Palate: Mouth-coating with juicy peaches, gooseberries, raspberries, white grapes and elderflower cordial with a rising soft and tangy smoke through the middle. Develops further into crystallised orange peel with grapefruit.

Finish: Sea salt and burnt caramel with gentle wafts of toasted oak and soft smoke.

Water: Reduces the fruit and increases the smoke.

Mmmm, now this is a lovely, (and atypical) sherried whisky. The nose is very savoury and meaty with a coastal edge, and the palate has some excellent fruit notes rising on a core of gentle smoke and oak-spices.

The fruit notes, rather than developing towards the dark grape flavour profile (plums, raisins, cherries, christmas cake, chocolate, etc), lean towards the light grape flavour profile instead. It’s still an oily mouth-coater, but it’s more about the lighter and fresher flavours than the dark and rich ones.

This is a very appealing and intriguing dram after trying so many other delicious (but ultimately predictable) sherried whiskies.

Well done to Springbank for keeping things interesting!

You can order a 6cl sample of the Springbank Sherrywood 17 from for €12.49 – take advantage of the favourable exchange rate if you’re in the UK!

Bowmore Laimrig

Distillery: Bowmore
Age: 15 years old
ABV: 54.1%
Cask: Matured in American Oak, finished in Spanish sherry butt
More Info: WhiskyBase

The Laimrig is the cask-strength version of Bowmore’s popular 15 year old core expression.

Nose: Opens with coastal air – salt and wet rocks. A little leathery with smoky milk chocolate and sherbet mingled with violets.

Palate: Cadbury’s fruit and nut chocolate! Rising smoky, salty tang with lots of spicy dried fruit. Dates, sultanas, raisins – very juicy.

Finish: Salty brazils, warm oak and a whisper of peat.

I was unsure at first with Bowmore. The entry-level expressions didn’t really get my tastebuds dancing.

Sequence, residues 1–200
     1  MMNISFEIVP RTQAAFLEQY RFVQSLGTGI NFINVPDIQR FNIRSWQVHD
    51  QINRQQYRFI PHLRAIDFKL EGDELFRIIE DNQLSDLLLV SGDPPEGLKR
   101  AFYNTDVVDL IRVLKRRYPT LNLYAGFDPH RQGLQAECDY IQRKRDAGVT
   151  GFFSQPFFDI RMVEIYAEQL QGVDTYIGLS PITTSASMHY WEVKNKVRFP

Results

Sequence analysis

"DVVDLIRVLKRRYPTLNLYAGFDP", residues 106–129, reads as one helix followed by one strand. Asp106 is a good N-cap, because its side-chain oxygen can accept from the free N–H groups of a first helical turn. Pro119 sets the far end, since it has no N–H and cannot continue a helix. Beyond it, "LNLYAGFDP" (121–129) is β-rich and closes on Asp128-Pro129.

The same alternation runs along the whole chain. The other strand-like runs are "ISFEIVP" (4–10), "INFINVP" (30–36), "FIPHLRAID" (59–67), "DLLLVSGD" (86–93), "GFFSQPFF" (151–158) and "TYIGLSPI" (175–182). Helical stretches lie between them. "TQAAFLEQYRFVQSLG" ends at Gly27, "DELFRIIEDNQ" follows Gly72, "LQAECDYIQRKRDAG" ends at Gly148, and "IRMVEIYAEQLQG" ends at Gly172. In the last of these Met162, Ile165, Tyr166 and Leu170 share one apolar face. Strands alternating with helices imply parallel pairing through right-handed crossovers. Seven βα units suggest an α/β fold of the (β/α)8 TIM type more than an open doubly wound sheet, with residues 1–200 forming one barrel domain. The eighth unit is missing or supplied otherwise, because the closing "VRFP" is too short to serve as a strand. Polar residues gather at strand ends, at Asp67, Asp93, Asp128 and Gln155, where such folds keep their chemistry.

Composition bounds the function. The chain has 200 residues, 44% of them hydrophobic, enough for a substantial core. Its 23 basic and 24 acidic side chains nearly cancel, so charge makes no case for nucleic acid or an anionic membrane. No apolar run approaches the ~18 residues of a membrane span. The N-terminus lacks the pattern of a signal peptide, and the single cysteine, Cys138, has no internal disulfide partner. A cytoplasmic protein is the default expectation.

This stuff, though, is dangerously quaffable. A refined salty peat, with a juicy, sweet sherry and chocolate character. Complex enough to be interesting, but at a respectable price for the age and ABV.

Highland Park Odin

Distillery: Highland Park
Age: 16 years old
Bottles: 17,000
ABV: 55.8%
Cask: First fill and refill sherry
More Info: WhiskyBase

I have to say, I’ve been looking forward to this. Highland Park’s Valhalla series ends with year four’s release, Odin, following in the steps of Thor, Loki, and Freya.

As ever, the lads from Orkney have done a cracking job with their marketing and the online buzz for this whisky reached absolute fever pitch a couple of weeks back when the whisky was released.

But what’s it like..?

Nose: Sticky dates, lime skin, tangerine juice, spiced honey and grated chocolate. With time and water, brandy-soaked apples, sweet rolling tobacco and burnt paper ashes.

Palate: Thick and sticky with muscavado, fruity coffee, metallic tinned peaches, and crystallised ginger. A rising edge of smouldering tangy peat that brings sea salt and dusty dark chocolate powder.

Finish: Long, oily, smooth and drying with powerful smoked oak and soft ashes.

As ever, the Highland Park peat is dry and restrained, adding great smoky, ashy elements to the whisky without drowning out the softer fruity notes beneath. A splash of water really opens this up as well, though the full cask strength mouthfeel is gorgeously syrupy.

The sherry casks used here are absolutely wonderful. Such dark and rich bass notes of fruit and chocolate, but interesting flavours rise up beyond the clichéd “christmas cake” profile that we expect from other alleged sherry monsters.